A major Malta-Italy drug ring has been laid bare in Italian court documents which detail how cocaine and cannabis were smuggled into the island using a local ferry company before being hidden in an Attard fruit and vegetable shop.
The documents, seen by Times of Malta, include reams of transcripts of recorded conversations from inside drug smugglers’ cars as well as intercepted telephone calls between Maltese and Italian traffickers who eventually turned on one another.
At one point they even discussed killing one of their associates whom they suspected of collaborating with the police.
Italian law enforcement yesterday announced the arrest of 16 people, including a Maltese national, for moving large quantities of cocaine and cannabis from Albania into Italy and eventually on to Malta.
Codenamed ‘Operation La Vallette’, the bust saw the arrest of 55-year-old John Spiteri, known to his associates as ‘Gianni’. Spiteri is alleged to have run the Maltese end of the smuggling operation together with some as yet unidentified associates.
Fabian Catania, also 55, was named as one of the Maltese players but was not arrested in operation La Vallette.
He is already facing criminal proceedings in Malta for alleged drug trafficking dating back to 2018.
A total of 430kg of cannabis, cannabis resin and cocaine were seized by Italy’s Guardia di Finanza as part of the bust announced on Wednesday.
100 officers involved in operation for years
Italy’s financial crime police, the Guardia di Finanza, said more than 100 officers from across Sicily were involved in the operation, which had been years in the making.
Times of Malta has read through the 500 pages of evidence submitted to the preliminary Catania courts that upheld the arrest of the 16 alleged drug traffickers.
The documents, compiled by Italian prosecutors, paint a picture of how Spiteri and the Italian Rosario Amico organised shipments of drugs from Puglia to Malta between 2018 and 2019. And how Catania had acted as a courier driving a Malta-registered Isuzu.
Other Italians and Albanians had also delivered shipments to Italy and Malta.
The investigation began with a focus on Amico, with the police working their way out from him, building a web of known associates across Sicily, southern Italy and Malta.
Video surveillance of Amico’s home and his multiple trips to Malta in quick succession led the police to review his finances with the tax authorities who found he was living well beyond his means.
Luxury cars and boats
He would routinely buy new luxury cars and boats and owned two prestigious properties while declaring a modest income.
Checks with Maltese ferry company Virtu Ferries established that he was travelling to Malta multiple times a year, as was an associate of his, Albanian national Eriseld Hoxhaj, known as Riku.
“Various [drug] transfers to Malta were monitored through the boarding lists provided by the Virtu Ferries company by Hoxhaj, Amico and others,” the documents read.
Amico’s son, Ray would also travel with the group and the Italian investigators established that he was delegated by his father to collect payment for drug shipments and to maintain contact with Spiteri, who headed the Maltese side of the operation.
Wiretaps of conversations between Amico and Spiteri are described by the Italian prosecutors as “typical of the dynamics of narcotics trafficking” in which they discuss prices of shipments and new methods of delivery.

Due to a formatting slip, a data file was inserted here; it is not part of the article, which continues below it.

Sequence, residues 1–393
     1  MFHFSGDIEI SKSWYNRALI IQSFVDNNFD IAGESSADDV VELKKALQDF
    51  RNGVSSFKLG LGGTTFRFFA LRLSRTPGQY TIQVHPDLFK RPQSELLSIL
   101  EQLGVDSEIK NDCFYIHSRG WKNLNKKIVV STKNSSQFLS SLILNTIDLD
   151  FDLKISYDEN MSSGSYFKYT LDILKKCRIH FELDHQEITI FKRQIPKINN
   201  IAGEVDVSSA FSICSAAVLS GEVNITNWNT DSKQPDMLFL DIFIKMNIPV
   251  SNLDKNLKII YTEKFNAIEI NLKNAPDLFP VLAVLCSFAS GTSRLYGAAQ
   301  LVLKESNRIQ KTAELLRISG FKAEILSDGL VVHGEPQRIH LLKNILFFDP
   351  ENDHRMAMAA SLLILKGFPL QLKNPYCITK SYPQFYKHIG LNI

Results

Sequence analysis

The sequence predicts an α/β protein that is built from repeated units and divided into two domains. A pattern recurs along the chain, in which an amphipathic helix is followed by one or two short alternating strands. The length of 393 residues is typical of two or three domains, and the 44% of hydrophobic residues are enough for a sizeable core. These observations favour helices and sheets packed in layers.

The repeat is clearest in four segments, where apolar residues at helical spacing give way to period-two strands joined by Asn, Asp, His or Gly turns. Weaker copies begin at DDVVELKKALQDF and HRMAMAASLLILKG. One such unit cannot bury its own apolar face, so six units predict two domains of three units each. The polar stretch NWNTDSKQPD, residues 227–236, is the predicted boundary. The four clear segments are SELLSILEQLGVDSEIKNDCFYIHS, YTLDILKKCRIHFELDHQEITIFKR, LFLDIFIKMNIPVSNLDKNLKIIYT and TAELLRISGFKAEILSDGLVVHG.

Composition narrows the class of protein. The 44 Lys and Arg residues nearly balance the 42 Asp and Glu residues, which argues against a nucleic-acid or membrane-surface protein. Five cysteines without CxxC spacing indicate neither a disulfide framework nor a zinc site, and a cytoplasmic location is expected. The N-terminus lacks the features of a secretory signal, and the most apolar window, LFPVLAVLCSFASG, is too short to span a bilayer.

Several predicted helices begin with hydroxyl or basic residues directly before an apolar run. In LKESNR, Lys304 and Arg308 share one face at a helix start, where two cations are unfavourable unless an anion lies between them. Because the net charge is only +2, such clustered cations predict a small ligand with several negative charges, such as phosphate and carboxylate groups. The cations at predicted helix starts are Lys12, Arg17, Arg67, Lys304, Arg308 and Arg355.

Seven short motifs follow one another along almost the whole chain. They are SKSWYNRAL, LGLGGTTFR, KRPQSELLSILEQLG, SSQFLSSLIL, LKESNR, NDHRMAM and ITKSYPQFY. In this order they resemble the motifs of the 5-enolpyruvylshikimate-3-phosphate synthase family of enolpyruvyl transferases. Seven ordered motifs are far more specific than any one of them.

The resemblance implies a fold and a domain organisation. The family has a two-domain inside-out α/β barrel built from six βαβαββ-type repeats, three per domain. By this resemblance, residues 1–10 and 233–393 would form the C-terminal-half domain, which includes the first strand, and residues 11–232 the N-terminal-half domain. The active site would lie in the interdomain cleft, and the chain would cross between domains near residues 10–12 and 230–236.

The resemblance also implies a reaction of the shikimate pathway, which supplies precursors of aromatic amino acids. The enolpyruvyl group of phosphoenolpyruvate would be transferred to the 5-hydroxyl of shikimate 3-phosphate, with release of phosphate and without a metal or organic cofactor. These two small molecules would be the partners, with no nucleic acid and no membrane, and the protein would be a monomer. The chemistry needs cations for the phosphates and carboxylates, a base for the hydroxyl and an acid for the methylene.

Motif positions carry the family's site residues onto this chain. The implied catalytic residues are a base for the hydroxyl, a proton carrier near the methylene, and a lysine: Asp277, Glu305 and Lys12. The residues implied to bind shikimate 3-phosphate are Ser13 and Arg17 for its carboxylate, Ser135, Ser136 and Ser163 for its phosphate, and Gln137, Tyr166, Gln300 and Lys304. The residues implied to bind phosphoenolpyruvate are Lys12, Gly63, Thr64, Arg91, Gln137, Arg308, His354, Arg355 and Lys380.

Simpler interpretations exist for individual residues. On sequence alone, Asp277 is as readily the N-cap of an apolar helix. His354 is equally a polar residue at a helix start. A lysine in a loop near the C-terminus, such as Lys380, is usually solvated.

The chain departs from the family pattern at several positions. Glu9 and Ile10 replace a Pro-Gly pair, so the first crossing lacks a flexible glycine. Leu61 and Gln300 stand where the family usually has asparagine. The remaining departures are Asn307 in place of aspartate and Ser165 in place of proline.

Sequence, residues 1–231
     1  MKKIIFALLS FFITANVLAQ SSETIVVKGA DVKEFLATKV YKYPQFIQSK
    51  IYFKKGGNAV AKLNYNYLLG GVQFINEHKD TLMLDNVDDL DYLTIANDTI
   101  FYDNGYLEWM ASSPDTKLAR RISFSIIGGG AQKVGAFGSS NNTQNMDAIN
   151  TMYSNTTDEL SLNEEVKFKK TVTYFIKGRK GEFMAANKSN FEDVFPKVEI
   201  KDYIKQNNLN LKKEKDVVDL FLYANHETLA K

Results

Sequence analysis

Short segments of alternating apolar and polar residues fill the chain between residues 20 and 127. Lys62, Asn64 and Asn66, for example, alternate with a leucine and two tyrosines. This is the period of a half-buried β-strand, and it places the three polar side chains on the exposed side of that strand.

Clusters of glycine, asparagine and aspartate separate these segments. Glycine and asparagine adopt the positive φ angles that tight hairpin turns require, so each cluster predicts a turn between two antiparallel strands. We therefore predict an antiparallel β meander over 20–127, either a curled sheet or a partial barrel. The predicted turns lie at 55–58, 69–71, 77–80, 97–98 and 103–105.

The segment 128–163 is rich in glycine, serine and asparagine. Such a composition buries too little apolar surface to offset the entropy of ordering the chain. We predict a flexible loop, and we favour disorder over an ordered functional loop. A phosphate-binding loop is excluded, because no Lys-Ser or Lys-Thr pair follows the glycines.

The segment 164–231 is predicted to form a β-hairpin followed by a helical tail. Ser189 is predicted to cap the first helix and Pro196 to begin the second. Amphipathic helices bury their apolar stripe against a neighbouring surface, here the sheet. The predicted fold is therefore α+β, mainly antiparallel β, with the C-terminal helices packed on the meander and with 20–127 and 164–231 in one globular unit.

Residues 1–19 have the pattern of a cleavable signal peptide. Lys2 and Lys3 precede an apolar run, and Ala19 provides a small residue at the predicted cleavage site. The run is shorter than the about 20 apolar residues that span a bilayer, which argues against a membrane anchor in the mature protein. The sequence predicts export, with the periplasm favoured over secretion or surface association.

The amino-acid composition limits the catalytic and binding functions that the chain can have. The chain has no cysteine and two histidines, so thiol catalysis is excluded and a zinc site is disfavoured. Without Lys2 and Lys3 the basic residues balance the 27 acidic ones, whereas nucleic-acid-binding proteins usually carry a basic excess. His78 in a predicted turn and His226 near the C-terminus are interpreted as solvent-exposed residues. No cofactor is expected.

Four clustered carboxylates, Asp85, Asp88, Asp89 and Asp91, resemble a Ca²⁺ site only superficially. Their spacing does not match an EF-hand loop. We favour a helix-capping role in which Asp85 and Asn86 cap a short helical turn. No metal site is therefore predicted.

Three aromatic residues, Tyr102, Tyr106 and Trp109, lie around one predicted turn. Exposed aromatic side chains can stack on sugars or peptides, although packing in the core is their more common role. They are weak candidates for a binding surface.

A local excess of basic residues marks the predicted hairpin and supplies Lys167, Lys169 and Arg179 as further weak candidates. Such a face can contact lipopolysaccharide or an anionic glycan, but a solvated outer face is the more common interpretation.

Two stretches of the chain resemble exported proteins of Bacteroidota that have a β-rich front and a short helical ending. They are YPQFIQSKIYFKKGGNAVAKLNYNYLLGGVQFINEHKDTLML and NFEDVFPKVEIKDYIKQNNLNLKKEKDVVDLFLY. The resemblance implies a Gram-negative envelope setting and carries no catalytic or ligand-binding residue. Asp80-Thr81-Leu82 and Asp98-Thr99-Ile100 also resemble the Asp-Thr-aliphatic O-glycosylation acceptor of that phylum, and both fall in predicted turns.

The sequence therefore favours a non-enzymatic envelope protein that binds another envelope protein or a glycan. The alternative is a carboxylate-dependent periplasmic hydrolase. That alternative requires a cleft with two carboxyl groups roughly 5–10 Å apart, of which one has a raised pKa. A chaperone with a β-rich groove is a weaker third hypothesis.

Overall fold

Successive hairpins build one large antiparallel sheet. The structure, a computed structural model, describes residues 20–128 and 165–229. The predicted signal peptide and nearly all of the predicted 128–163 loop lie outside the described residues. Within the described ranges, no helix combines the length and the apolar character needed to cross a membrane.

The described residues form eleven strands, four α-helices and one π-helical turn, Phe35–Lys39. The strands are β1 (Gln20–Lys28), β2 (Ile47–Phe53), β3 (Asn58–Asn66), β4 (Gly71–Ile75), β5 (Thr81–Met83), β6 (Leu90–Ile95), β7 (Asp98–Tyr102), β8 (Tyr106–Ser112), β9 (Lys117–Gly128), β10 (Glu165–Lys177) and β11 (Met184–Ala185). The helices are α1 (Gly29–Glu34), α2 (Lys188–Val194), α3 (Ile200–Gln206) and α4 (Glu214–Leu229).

Heated payment dispute
The prosecutors claim there was a heated payment dispute with Spiteri following the shipment of packets of cannabis.
In one intercepted conversation, two of Amico’s associates are heard discussing how they feared Spiteri wanted them dead.
“Surely Gianni [Spiteri] paid them to kill me... he wanted to kill me!” one unnamed suspect says in a lengthy transcript.
Later, the documents discuss how the office of the Maltese Attorney General had informed Italian prosecutors that Catania had been arrested in Malta in June 2018 after he was found in possession of 85kg of cannabis.
An Attard fruit and vegetable shop
The drugs, believed to originate from the same smuggling operation, were found hidden inside a fruit and vegetable shop in Attard. A garage and a warehouse in Marsa have also been identified.
In another section of the court documents, the Italian prosecutors detail how Amico and Spiteri met in Sicily and at one point discussed the use of plastic beverage containers to smuggle drugs into Malta.
During that meeting, Amico warned Spiteri that their Albanian associates were growing wary of him.
“They are convinced that you are dangerous, reckless and that when you try to make more and more money you aren’t cautious enough,” Amico tells Spiteri in an intercepted conversation.
Amico goes on to implore Spiteri to be careful. Prudence, he says, is essential if they are to avoid any “unpleasant surprises”.
“You cannot neglect this otherwise you’re done. People end up in jail; are we going to end up there too? Police have their eyes open. We aren’t importing sweets or cakes here. You understand?” Amico tells him.
'Papa they’re waiting for you'
Spiteri then tells Amico that he fears he and his brother are in grave danger. He tells Amico that “the Croats” are looking for him over an €80,000 debt and that he fears they intend to kill him.
Later, Spiteri tells Amico that they have a problem with one of their drug couriers and that they may have to take matters into their own hands.
“We need to get rid of that asshole... that guy who opened his mouth... that guy who drove the truck,” Spiteri says.
In a subsequent transcript, ostensibly fearing the closing noose of law enforcement, Amico tells Spiteri that he is convinced that if he travels to Malta he will have his passport seized.
“My son Pietro told me when he last returned: ‘Papa they’re waiting for you there’.”
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